Dear APLA Members,


I am forwarding this response, with permission and for information, from Premier Dexter of Nova Scotia regarding our letter opposing cuts to school libraries in the Chignecto-Central Regional School Board district.  Two additional letters were sent regarding cuts in other school districts to which I have not yet received acknowledgement, but I assume the responses, if and when they come, will be similar to the substance of this letter.


Updates on the situation are welcome from any of our members closer to this issue, either posted to this list or forwarded to any member of the Executive.







Jocelyne Thompson








From: [log in to unmask] [mailto:[log in to unmask]]
Sent: May-15-12 11:12 AM
To: Thompson, Jocelyne
Subject: Re: Open letter to the Premier of Nova Scotia opposing cuts to school libraries


Good morning Ms. Thompson:


Please find attached Premier Dexter's response to your e-mail of April 15, 2012.


Warm Regards,


Lana McGlinchey

Correspondence Unit

Office of the Premier

Province of Nova Scotia



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>>> "Jocelyne Thompson" <[log in to unmask]> 4/15/2012 3:25 PM >>>

Please note, signed original will follow in the mail.



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Atlantic Provinces Library Association

School of Information Management

Faculty of Management - Kenneth C. Rowe Management Building

6100 University Ave., Halifax, Nova Scotia

B3H 3J5



Premier Darrell Dexter

Office of the Premier

P.O. Box 726

Halifax, Nova Scotia B3J 2T3



April 16, 2012



Open letter to the Premier of Nova Scotia opposing cuts to school libraries



Dear Premier Dexter:


I am writing on behalf of the Atlantic Provinces Library Association (APLA) to express our dismay at the recent news of planned cuts to the school libraries in the Chignecto-Central Regional School Board district which would, if implemented, affect more than 40 FTE library professionals, and impoverish the educational experience for thousands of students.  Your Government's intervention in this case was a welcome response although the outcome of the review that has been mandated is uncertain.  In the circumstances, it is our wish, and indeed our responsibility, to remind the Government of the importance of school libraries to student success.


We understand that the Board has some difficult decisions to make in order to balance a reduced budget, but school libraries are not the place to cut.  School libraries are partners in the educational process, playing an integral role in a resource-based curriculum. School library professionals provide students with environments and learning opportunities that allow them to develop the literacy, critical thinking, and information literacy skills necessary for full participation in a knowledge- based economy.  These skills are absolutely essential for students going on to post-secondary education.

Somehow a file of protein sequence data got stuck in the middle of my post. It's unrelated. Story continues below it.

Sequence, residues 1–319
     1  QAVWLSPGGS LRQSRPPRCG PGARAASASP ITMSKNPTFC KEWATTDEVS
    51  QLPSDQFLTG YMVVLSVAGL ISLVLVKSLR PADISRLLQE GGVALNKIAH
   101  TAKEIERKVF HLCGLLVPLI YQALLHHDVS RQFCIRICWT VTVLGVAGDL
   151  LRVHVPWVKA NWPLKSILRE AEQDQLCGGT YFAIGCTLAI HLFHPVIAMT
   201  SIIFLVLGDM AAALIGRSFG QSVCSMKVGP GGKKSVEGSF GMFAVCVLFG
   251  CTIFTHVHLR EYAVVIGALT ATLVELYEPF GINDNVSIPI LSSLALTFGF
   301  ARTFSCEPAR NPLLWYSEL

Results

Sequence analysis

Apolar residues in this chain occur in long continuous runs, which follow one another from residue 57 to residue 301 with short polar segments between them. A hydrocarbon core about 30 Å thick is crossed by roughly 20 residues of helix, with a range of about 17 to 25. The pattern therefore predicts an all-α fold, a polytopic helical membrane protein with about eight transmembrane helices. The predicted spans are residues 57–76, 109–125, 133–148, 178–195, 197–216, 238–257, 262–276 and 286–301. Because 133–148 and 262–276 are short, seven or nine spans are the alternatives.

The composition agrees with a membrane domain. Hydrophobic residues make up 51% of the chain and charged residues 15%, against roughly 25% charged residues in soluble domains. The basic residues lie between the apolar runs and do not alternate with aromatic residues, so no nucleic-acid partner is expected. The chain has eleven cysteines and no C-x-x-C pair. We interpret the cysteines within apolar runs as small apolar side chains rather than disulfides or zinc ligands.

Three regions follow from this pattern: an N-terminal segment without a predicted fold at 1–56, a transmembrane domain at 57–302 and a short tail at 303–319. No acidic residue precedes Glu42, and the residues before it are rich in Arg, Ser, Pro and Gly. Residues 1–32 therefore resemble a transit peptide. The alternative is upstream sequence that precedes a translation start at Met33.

Research clearly shows a direct correlation between properly funded and staffed school libraries and student achievement:


·         larger collections of library materials for students mean higher achievement;

·         higher spending on books and other materials correlates with improved reading scores;

·         library staffing levels correlate with test scores (in fact, U.S. studies have consistently shown a 10-25% increase in scores on standardized tests for students with a school librarian);

·         increased student visits to the library correlate with higher test scores;

·         hours of operation of the school library also have a positive effect (the more open hours, the higher the test scores).


As the above is true, the reverse is also true, that students without access to a well-stocked and staffed school library will do less well.  Children with poor literacy skills are likely to become adults with poor literacy skills, and the human toll and social costs of weak adult literacy are well-known.  Any short-term savings realized by reduced spending on school libraries will be more than offset by the future costs arising from underemployment and poverty and their attendant problems, including poorer health, lower levels of education in the children born to these circumstances, and greater reliance on social welfare and healthcare programs.


APLA would urge the Government of Nova Scotia to make a renewed and long-term commitment to school libraries by providing the funding necessary to support them, to the benefit of students and society as a whole.


Yours sincerely,




Jocelyne Thompson